[Fedora-packaging] Re: UTF-8 package names

Simo Sorce ssorce at redhat.com
Tue Feb 26 21:58:44 UTC 2008

On Tue, 2008-02-26 at 23:19 +0200, Axel Thimm wrote:
> Which is the problem. Since this is not any metadata you store
> anywhere it is something defined locally. And if you mirror the raw
> UTF8 filenames onto a mirror that has set local policy to be latin1
> the web server will serve funny ~A names.

So are you claiming that mirrors can't be fixed ?
You know, it is very easy to test how many would break with an utf-8
name, just add somewhere an unused file with an utf-8 name and check if
any mirror breaks.

(not referring to you Axel from now on)
I think that resistance against standardizing around utf8 is getting
ridiculous at this point. I understand that people that never used
anything but ASCII may find it annoying that there are people out there
that use funny characters, but I wonder when they will realize that they
are the minority in the world, and that the others would like to be
treated like first class citizens like everybody else.

Unless there is a very compelling technical problem, I think we should
try as hard as possible to support and use by default utf8 everywhere.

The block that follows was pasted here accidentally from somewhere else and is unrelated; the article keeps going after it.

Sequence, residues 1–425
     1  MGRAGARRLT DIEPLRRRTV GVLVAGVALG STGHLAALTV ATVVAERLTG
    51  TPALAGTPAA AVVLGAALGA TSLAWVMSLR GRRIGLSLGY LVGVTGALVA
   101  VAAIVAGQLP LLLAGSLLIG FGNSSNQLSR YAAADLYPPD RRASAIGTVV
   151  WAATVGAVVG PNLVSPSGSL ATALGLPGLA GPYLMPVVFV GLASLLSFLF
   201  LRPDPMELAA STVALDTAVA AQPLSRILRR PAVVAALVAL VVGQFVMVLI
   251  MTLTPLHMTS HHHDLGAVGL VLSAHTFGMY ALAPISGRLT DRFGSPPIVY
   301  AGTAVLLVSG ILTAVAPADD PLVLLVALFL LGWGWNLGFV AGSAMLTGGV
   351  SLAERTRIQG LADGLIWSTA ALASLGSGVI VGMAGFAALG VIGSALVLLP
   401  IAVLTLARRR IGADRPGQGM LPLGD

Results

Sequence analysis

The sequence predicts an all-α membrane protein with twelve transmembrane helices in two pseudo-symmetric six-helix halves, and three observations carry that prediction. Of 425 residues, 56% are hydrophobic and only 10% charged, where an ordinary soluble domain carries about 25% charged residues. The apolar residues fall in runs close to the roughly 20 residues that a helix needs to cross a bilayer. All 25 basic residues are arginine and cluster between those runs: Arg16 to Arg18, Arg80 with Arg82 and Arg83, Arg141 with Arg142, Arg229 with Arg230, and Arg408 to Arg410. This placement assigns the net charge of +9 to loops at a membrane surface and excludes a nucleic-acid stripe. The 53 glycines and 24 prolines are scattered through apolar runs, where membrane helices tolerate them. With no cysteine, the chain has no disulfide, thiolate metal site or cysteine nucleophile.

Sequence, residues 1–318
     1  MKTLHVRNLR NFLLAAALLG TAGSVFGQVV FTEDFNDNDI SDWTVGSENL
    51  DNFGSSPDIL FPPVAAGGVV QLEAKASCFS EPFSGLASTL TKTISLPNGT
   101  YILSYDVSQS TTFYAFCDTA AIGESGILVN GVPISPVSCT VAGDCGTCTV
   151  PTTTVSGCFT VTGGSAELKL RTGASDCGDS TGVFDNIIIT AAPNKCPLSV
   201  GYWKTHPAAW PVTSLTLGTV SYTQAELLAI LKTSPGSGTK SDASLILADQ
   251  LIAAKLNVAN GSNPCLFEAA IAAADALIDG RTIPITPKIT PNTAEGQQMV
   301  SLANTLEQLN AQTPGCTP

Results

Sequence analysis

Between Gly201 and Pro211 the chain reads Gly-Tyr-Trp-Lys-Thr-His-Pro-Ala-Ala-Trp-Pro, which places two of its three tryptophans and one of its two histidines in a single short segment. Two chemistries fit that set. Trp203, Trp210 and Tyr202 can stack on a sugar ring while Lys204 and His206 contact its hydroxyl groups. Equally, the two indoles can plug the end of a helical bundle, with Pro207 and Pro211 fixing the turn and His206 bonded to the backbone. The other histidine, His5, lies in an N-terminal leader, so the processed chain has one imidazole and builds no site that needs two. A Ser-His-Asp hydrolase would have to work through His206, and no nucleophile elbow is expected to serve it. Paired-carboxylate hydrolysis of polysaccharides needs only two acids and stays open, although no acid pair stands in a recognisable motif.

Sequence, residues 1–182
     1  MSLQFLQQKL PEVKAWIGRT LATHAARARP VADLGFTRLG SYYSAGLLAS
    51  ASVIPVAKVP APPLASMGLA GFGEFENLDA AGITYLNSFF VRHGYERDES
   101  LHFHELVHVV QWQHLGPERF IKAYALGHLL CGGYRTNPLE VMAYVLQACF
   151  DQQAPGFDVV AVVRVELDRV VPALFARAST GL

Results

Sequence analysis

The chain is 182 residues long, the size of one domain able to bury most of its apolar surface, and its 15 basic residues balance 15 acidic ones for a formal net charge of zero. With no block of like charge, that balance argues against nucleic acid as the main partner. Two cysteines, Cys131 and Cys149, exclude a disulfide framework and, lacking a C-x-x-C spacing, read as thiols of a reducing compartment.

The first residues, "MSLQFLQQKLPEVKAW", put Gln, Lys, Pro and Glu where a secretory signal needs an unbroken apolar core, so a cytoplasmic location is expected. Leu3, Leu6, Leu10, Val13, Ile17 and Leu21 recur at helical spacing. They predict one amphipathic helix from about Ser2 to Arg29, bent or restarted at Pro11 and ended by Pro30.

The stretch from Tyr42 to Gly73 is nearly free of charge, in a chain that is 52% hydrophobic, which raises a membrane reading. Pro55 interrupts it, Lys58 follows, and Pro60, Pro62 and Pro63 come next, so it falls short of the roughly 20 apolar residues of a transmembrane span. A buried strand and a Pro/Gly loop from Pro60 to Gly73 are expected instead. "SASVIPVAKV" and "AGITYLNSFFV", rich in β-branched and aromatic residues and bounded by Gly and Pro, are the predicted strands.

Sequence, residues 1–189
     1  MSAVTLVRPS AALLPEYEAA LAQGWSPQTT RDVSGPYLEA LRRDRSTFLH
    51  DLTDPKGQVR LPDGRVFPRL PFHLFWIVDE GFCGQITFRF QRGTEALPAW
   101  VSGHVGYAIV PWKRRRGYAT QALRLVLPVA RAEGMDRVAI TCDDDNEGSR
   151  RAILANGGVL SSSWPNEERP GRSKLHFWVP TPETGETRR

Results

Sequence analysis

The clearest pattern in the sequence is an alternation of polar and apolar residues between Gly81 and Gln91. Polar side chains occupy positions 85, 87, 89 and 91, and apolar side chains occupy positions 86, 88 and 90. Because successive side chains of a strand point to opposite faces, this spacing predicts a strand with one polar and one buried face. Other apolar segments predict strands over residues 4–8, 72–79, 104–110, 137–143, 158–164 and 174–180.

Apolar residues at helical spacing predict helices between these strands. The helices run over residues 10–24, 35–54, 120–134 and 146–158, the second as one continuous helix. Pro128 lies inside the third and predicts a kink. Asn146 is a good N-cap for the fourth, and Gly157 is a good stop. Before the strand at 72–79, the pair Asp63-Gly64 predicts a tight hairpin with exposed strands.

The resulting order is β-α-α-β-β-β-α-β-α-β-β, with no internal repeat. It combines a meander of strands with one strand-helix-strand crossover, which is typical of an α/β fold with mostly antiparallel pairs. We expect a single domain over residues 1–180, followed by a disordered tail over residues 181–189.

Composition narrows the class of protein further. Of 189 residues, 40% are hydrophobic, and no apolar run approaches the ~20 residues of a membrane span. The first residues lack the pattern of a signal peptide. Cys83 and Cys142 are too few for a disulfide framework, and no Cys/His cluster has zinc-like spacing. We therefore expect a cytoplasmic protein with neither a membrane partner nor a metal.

The more we use it, the more we uncover bugs that we can hopefully fix.

And yes, I understand that a package name that is written in pure
Cyrillic or Chinese, or Japanese maybe hard initially to swallow (and
type), but how many chances are that everybody suddenly will start doing
that? Upstream is usually not stupid and understands that using non
ASCII characters may limit distribution. I guess only packages that make
sense only locally "may" end up with something like a completely
non-ASCII name.

If this is really a usability problem I am sure that the proposal to
provide an alternate ASCII only name (need rules to determine how you
get from non-ASCII to ASCII) is a very good one, even if copy&paste, or
other UIs can be used as well.


Simo Sorce * Red Hat, Inc * New York

More information about the Fedora-packaging mailing list